Does he/she like vehicles and transportation? Then you can put buttons as wheels of a tractor or a car. Does he/she like animals? Then you can use buttons for ladybug’s spots.

Many quiet book ideas found on different websites are containing a wide variety of activity pages.

You can also find designs that suit your child’s interests and needs in the library of our quiet book patterns. There you can find detailed instructions and patterns for each activity page idea.

I recommend that whenever you find a pattern for an activity that you feel is appropriate for your quiet book, save it immediately. Either on your computer or your Pinterest board if you have it.

This way, you will avoid double work when you have to search for a specific page with instructions you liked again.

Create a list of your quiet book ideas and activity pages in your quiet book: what will be on the page, and what challenges will it offer (for example, ladybug – buttons, hippo – brushing teeth, etc.). You’ll have an excellent overview of your quiet book, and you can start creating it.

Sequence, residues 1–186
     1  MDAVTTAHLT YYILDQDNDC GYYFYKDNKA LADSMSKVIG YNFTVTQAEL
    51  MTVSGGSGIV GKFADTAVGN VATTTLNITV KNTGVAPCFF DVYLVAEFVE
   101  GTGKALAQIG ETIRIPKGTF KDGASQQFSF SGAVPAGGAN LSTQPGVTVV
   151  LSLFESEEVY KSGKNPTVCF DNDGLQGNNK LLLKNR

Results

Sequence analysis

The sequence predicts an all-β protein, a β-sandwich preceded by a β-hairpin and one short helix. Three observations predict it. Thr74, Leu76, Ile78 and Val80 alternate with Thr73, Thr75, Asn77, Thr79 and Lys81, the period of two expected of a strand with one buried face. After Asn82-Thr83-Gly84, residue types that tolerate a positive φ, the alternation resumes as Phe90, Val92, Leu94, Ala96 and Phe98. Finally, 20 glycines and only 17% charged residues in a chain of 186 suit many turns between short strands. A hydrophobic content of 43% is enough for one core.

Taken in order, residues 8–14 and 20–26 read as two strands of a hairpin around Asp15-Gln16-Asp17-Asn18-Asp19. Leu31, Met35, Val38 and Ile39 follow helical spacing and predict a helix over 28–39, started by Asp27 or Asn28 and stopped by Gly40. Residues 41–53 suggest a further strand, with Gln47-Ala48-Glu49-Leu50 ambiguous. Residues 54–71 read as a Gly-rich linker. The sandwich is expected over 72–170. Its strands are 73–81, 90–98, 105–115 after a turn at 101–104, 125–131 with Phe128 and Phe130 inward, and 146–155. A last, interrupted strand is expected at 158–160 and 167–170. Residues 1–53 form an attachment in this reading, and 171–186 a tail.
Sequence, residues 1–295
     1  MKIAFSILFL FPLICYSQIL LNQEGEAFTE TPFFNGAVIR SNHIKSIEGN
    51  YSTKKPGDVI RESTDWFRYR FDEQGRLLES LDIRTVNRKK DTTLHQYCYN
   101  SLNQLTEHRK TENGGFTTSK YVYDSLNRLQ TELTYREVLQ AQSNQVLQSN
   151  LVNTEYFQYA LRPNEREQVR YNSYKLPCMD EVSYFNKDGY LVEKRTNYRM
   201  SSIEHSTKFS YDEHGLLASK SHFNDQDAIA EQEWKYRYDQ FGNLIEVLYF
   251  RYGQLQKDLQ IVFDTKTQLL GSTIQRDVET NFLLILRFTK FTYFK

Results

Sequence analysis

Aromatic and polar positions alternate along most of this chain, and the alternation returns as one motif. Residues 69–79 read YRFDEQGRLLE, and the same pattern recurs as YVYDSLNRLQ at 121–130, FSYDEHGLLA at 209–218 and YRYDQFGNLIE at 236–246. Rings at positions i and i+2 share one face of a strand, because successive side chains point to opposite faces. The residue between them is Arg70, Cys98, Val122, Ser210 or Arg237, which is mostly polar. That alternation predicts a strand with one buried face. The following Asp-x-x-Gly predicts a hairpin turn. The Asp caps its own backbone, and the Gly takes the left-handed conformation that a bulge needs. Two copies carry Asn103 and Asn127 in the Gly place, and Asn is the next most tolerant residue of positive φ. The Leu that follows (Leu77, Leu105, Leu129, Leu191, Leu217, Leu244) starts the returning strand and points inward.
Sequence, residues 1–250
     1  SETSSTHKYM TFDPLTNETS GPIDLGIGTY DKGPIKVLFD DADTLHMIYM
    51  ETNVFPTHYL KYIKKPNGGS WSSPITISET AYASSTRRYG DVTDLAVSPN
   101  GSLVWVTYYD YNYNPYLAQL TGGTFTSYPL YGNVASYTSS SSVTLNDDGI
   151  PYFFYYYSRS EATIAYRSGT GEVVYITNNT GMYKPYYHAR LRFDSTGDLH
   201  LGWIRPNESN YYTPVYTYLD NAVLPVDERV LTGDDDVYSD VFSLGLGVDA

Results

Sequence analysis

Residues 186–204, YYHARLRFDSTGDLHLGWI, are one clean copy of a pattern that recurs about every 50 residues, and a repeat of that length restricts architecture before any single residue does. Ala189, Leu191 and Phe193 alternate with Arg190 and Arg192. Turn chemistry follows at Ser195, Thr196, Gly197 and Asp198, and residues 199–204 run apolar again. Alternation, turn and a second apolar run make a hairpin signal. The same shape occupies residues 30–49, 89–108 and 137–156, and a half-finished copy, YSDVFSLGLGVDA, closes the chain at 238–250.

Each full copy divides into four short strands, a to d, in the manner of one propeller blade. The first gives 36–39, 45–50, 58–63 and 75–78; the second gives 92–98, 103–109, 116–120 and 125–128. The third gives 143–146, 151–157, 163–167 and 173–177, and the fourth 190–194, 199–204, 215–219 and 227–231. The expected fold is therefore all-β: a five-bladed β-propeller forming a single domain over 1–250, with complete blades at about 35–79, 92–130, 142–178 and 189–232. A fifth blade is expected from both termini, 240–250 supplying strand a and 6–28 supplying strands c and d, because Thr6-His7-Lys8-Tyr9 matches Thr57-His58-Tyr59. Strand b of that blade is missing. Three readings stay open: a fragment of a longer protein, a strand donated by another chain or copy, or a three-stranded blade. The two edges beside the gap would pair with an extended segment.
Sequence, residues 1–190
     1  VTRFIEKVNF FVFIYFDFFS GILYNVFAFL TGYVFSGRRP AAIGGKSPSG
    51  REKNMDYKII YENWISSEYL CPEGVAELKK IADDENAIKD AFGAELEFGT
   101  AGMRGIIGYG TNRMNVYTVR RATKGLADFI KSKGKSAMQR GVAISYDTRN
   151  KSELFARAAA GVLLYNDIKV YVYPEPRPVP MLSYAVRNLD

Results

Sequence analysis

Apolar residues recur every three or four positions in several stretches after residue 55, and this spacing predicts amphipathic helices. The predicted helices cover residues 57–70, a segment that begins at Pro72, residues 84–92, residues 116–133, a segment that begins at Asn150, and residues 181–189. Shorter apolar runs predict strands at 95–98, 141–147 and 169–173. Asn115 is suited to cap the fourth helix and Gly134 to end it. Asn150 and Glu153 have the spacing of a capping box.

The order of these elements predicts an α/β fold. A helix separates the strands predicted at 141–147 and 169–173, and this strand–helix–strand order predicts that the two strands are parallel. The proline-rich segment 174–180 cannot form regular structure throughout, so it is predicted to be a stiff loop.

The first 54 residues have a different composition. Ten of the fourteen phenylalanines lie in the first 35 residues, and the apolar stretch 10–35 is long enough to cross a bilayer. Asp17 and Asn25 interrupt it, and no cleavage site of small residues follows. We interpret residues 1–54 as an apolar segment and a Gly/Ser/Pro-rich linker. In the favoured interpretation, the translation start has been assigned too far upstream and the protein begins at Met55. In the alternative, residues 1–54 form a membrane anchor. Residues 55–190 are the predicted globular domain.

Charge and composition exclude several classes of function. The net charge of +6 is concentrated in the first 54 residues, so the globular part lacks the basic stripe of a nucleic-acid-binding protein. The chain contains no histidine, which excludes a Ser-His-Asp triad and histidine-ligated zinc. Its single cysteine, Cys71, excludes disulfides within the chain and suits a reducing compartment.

You can try to make your own pattern if you can’t find the combinations of your child’s age, needs, and interests in my patterns library.

If you feel this will slow you down enormously, then you don’t need to do it. Just find something similar, a second choice. It’s ok. The activity will still be engaging for your child.

I should also mention that older children (6+) will still find quiet books interesting if activities are customized to their interests. For the age group 6-12 (grade-schoolers), quiet mats, playscapes, or some other form of “quiet book activities” are sometimes more suitable than in the form of a quiet book.

Also, give a thought about other formats when activities need more space and are logistically harder to fit into quiet book pages.

quiet book ideas

Summing up

If you want to create an ideal quiet book for your child, you should combine your child’s age, needs, and interests.

You can find the patterns in our Quiet book patterns library, other web sites, or make your own.

If you choose the right activities, quiet books can be great educational toys for children at any age.

If you struggle to find the right quiet book ideas, feel free to ask me, and I’ll do y best to help.

In the next chapter, you will find out how to bind your activity pages together.